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beg the question

Definitions

from Wiktionary, Creative Commons Attribution/Share-Alike License

  • v. To engage in the logical fallacy of begging the question (petitio principii).
  • v. To raise or prompt a question.

Etymologies

Latin petitio principii, from Ancient Greek τὸ ἐν ἀρχῇ αἰτεῖσθαι (to en archē aetīsthae, "to assume from the beginning"). (Wiktionary)

Examples

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Comments

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  • I'm totally ok with the casual use of 'begs the question' .

    I really don't see why sticklers get worked up over 3 words used in a non-technical context.

    edit - Begging the questions has been part of English since the 1500's. The 'logical fallacy' crowd should really pick on a different phrase which isn't older then the modern language.

    May 25, 2013

  • Circular reasoning: http://www.arcamax.com/newspics/72/7285/728560.gif

    May 25, 2013

  • I am so relieved to read these comments. I thought I was losing my mind. Now I realize we are just losing the fight. MM

    March 15, 2012

  • I'm afraid I've given up the fight - often I'll just use petitio principii to describe the logical fallacy.

    May 11, 2010

  • "I think 'a' is 'x' because 'x' is 'a'." begs the question. "Fessbinder's a nerd because under "nerd" in the dictionary you'll find his picture."

    May 1, 2010

  • Here, here, u.!! :o) Unfortunately the relative lack of opportunity to use BTQ correctly is causing it to lose the race behind the plentiful opportunities of "raises the question" usage.

    BTW, BTQ bears a family resemblance to ipsedixitism

    December 21, 2006

  • "Begging the question" is a form of logical fallacy in which an argument is assumed to be true without evidence other than the argument itself. When one begs the question, the initial assumption of a statement is treated as already proven without any logic to show why the statement is true in the first place.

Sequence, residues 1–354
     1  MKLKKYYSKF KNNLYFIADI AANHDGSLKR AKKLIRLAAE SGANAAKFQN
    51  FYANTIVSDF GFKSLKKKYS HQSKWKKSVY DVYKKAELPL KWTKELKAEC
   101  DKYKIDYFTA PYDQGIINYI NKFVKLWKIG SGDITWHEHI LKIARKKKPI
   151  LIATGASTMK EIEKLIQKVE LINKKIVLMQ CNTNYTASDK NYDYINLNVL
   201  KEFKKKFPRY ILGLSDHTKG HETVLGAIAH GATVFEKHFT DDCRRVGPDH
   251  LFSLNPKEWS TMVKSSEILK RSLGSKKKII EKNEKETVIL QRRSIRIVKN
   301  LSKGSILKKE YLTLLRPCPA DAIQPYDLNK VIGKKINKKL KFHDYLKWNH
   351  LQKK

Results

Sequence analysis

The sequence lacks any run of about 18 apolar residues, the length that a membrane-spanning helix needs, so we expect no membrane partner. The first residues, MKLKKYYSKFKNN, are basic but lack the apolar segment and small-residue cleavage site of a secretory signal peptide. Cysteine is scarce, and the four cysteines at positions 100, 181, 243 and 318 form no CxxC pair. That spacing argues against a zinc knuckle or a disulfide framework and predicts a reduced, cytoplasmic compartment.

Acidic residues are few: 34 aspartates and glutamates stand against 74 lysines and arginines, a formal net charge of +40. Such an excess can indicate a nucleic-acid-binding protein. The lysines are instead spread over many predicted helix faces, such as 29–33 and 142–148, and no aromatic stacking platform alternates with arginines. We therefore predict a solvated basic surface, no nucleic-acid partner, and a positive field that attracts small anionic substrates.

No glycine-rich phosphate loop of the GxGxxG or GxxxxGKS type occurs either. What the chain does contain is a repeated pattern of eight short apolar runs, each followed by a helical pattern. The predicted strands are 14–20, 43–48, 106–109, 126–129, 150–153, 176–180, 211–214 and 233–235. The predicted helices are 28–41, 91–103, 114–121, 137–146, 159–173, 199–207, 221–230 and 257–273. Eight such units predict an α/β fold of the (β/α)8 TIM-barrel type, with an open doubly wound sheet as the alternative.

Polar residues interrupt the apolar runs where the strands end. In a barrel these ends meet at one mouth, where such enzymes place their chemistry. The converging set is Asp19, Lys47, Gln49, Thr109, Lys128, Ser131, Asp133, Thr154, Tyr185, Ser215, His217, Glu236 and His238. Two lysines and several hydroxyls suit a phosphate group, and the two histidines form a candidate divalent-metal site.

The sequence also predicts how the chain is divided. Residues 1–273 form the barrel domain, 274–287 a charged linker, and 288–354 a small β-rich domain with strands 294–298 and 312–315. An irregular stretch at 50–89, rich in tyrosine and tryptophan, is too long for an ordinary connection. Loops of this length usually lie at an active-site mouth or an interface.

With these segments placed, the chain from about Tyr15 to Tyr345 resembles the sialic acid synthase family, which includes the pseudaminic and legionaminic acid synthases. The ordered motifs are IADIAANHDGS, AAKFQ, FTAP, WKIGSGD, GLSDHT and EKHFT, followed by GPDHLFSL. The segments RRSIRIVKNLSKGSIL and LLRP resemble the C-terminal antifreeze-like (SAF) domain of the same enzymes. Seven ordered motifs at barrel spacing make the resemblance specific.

A simple example would be "I think he is unattractive because he is ugly." The adjective "ugly" does not explain why the subject is "unattractive" -- they virtually amount to the same subjective meaning, and the proof is merely a restatement of the premise. The sentence has begged the question.

    To beg the question does not mean "to raise the question." (e.g. "It begs the question, why is he so dumb?") This is a common error of usage made by those who mistake the word "question" in the phrase to refer to a literal question. Sadly, the error has grown more and more ubiquitous common with time, such that even journalists, advertisers, and major mass media entities have fallen prey to "BTQ Abuse."

    While descriptivists and other such laissez-faire linguists are content to allow the misconception to fall into the vernacular, it cannot be denied that logic and philosophy stand to lose an important conceptual label should the meaning of BTQ become diluted to the point that we must constantly distinguish between the traditional usage and the erroneous "modern" usage. This is why we fight.

    December 13, 2006